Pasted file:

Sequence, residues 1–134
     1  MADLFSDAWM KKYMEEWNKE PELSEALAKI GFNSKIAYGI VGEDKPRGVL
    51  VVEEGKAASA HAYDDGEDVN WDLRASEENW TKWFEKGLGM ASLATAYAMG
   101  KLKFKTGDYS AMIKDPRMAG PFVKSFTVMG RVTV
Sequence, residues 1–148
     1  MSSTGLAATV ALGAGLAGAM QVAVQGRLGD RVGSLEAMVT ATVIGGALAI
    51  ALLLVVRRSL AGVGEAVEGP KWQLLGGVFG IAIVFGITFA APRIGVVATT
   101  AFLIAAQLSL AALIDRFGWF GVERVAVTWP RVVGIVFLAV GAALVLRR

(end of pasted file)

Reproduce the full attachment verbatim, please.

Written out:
Sequence, residues 1–134
     1  MADLFSDAWM KKYMEEWNKE PELSEALAKI GFNSKIAYGI VGEDKPRGVL
    51  VVEEGKAASA HAYDDGEDVN WDLRASEENW TKWFEKGLGM ASLATAYAMG
   101  KLKFKTGDYS AMIKDPRMAG PFVKSFTVMG RVTV
Sequence, residues 1–148
     1  MSSTGLAATV ALGAGLAGAM QVAVQGRLGD RVGSLEAMVT ATVIGGALAI
    51  ALLLVVRRSL AGVGEAVEGP KWQLLGGVFG IAIVFGITFA APRIGVVATT
   101  AFLIAAQLSL AALIDRFGWF GVERVAVTWP RVVGIVFLAV GAALVLRR